Excerpt from Exit Wounds by J.A. Jance, plus links to reviews, author biography & more

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Exit Wounds

by J.A. Jance

Exit Wounds
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     Not Yet Rated
  • First Published:
    Jul 2003, 384 pages
    Paperback:
    Aug 2004, 384 pages

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Prologue

The woman lay in her bed, tossing and turning, and tried to sleep. It was hot, but southern Arizona in July is always hot. Due to unpaid bills, the power company had shut off electricity to the shabby mobile home months ago. By now she was pretty well used to sleeping without benefit of a cooler or even a blowing fan.

The heat was a factor, but more disturbing than physical discomfort was thinking about the approaching interview. She had kept her mouth shut for almost thirty years. For that long, other than pouring her heart out to her grandmother, she had been part of an ugly conspiracy of silence. No more. Tomorrow--today, in fact--she was going to talk. To strangers. To reporters. She was going to let it all hang out. The question was, what would happen then?

Someone had told her once--wasn't it that same grandmother?--that the truth will set you free. The story she was about to tell was the truth, but would it really free her of the demons that plagued her? The terrible sense of dread she felt wasn't at all like being set free. What if she only made things worse? What if telling damned her forever?

Finally, around four, a slight breeze ruffled the frayed curtain over her bed, and she drifted off. A scarce three hours later, awakened by a recurring nightmare, she staggered out of bed and into the bathroom. When she turned on the water faucet in the lavatory, nothing happened.

"Damn!" she muttered. "What a time to run out of water."

Pulling on a pair of shorts and a T-shirt, she hurried outside into the relative cool of the early morning. The dogs, locked in the straw-bale shed, heard the back door slam and set up a terrific racket. If she was outside, they wanted to be outside, too. She went over and opened the door on the make-do shed where she kept her motley collection of dogs overnight. As soon as the door opened, the dogs cascaded joyfully out into the early-morning sunlight.

As always, Streak, the fleet-footed beagle, led the way, followed by Jasper, a mutt who was more German shepherd than anything else. There was FiFi, the three-legged poodle, followed by Donner and Blitzen, the two malamutes the woman had found as tiny puppies left in a box outside Wal-Mart on Christmas Eve two years ago. Fat Albert, the dachshund, raced through the doorway carrying a ball and wanting her to throw it. Razzle, Yo-Yo, and Pansy, three rescued greyhounds, pranced out daintily, with Yo-Yo stopping long enough for a leisurely stretch and to have his ears scratched. Angel was an ugly, wrinkle-faced chow and Roger a Doberman whose ears had been mangled in an amateur attempt at cropping. Mikey, the boxer, gave his owner a slobbery-faced greeting while newcomer Hombre--a black-and-tan hound--sidled shyly past her as if still unsure about whether or not he could trust her.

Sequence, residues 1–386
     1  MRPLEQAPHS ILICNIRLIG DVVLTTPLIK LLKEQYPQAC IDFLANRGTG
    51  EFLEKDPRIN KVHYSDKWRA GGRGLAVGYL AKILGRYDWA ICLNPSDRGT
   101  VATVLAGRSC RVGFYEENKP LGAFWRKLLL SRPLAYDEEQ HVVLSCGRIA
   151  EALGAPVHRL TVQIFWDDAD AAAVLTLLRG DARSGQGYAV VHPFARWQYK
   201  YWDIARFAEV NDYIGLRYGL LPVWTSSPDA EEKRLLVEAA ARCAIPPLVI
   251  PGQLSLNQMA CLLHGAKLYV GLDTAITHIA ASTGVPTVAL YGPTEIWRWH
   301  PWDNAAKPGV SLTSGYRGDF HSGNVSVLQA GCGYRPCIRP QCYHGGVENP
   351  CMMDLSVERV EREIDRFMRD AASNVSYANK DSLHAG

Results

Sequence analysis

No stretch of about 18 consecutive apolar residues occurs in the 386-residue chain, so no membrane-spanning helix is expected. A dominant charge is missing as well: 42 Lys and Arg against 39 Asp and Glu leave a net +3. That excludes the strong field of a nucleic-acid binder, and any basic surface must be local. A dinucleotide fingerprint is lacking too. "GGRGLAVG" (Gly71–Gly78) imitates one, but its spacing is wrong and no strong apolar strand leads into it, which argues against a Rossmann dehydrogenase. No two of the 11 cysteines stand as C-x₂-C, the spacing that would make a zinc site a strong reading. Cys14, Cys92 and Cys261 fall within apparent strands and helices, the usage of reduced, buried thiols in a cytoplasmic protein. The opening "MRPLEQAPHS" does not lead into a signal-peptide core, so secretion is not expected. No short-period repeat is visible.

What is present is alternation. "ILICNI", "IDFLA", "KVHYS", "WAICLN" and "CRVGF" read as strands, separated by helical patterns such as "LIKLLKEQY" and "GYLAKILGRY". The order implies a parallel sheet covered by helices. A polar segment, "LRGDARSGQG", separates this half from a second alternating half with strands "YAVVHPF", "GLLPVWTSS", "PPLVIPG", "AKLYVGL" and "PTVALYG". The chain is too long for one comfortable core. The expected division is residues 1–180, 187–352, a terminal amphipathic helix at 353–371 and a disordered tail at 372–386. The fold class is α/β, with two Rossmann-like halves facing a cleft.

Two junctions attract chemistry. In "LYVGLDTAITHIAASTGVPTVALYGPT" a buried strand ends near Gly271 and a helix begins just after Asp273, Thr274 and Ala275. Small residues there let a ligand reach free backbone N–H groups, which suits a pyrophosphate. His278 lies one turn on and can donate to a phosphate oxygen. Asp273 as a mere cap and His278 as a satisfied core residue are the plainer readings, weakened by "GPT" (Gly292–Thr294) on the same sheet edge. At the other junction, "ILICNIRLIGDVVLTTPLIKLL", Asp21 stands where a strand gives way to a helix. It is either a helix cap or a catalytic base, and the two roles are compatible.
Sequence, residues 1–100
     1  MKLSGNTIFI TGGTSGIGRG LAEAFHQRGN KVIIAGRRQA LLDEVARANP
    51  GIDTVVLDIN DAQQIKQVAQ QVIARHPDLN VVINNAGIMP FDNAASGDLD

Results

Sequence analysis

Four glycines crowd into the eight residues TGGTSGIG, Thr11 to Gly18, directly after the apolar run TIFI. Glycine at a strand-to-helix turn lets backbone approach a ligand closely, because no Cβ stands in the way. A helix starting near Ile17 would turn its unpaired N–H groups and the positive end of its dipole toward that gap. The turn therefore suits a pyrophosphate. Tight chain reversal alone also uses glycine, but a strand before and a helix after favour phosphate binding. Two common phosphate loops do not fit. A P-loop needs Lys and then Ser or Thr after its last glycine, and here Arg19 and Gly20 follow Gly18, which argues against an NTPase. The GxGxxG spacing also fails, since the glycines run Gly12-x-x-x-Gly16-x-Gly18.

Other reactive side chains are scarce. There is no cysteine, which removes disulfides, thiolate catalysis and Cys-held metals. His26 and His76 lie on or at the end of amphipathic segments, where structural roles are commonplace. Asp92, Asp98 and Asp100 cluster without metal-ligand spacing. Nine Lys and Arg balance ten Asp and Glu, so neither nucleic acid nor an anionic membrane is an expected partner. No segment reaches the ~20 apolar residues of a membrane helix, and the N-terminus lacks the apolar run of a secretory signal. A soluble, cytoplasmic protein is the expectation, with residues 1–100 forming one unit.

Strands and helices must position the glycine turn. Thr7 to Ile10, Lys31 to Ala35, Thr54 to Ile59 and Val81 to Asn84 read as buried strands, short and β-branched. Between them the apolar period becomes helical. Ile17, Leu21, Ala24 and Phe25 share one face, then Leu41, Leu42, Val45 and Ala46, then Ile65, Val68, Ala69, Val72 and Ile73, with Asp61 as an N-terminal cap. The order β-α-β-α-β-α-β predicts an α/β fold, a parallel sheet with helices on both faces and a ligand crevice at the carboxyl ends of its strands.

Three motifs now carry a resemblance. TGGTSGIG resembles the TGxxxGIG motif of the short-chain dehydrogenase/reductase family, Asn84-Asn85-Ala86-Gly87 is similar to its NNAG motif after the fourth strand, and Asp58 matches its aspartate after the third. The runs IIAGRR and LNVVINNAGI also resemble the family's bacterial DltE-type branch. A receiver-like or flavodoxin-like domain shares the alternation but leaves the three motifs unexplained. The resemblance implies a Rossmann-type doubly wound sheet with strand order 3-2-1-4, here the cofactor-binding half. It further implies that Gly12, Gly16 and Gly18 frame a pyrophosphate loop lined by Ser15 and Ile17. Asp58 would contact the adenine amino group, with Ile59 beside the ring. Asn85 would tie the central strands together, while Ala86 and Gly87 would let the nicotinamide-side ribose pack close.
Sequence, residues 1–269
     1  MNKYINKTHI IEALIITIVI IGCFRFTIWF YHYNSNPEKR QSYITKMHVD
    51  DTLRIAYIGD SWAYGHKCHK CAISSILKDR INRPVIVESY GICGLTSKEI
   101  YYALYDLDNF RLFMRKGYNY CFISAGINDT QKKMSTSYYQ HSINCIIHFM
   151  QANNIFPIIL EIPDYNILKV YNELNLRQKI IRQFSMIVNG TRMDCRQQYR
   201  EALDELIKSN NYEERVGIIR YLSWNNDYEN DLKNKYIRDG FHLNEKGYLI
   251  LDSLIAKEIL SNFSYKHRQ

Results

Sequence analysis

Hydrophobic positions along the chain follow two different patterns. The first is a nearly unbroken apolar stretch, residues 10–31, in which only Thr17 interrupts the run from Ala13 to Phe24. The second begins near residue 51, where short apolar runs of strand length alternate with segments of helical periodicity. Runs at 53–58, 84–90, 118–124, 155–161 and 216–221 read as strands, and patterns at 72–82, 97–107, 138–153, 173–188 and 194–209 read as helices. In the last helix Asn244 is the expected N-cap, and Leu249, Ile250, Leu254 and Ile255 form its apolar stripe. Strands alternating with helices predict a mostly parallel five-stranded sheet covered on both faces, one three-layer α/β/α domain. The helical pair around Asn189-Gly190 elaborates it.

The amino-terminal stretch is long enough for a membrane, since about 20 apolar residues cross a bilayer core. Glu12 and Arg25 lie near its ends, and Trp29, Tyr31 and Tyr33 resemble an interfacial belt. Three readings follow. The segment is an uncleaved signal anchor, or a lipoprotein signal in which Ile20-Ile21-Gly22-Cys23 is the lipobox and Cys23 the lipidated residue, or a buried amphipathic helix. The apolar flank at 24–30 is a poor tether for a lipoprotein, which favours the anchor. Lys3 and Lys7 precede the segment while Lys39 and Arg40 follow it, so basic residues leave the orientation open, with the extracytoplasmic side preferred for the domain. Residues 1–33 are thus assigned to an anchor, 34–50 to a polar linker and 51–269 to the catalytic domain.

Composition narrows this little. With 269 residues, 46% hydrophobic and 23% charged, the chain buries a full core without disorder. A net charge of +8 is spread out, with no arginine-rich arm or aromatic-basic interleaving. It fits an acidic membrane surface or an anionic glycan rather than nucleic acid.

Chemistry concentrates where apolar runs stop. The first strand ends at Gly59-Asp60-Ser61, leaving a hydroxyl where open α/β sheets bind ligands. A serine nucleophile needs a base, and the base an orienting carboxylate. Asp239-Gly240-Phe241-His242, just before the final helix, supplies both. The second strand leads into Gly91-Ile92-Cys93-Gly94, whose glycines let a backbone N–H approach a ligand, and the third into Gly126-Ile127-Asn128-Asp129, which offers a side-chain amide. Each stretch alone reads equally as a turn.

The older dogs came later. Chief, a collie mix of some kind, had lost several teeth, and Mopsy was a black Lab with a developing hip problem. The Lab had recently given birth to a batch of pups, only one of which had survived. The woman hoped that with money from her upcoming interview, she'd be able to afford to get the dogs not only their shots and licenses, but some veterinary care as well. Lester, a happy-go-lucky black cocker with an age-grizzled muzzle, was virtually blind due to cataracts that had dimmed both his eyes. Expensive canine cataract surgery would far outstrip his owner's meager ability to pay.

Last in line was her favorite, a beloved mongrel named Oscar, who was evidently the result of an unfortunate mating between a German shepherd and a dachshund. Oscar's large shepherd body tottered around on legs barely six inches tall, but what he lacked in height, Oscar more than made up in love.

Four of the dogs--Chief, Oscar, Roger, and Streak--had been with the woman for years, through a series of dingy apartments and humiliating evictions and, finally, at the very end, before her grandmother had let them come here, the dogs had lived with their owner in her Datsun 710 wagon. That was the wonderful thing about dogs--they loved you no matter who you were or where you lived.

The foregoing is excerpted from Exit Wounds by J. A. Jance. All rights reserved. No part of this book may be used or reproduced without written permission from HarperCollins Publishers, 10 East 53rd Street, New York, NY 10022.

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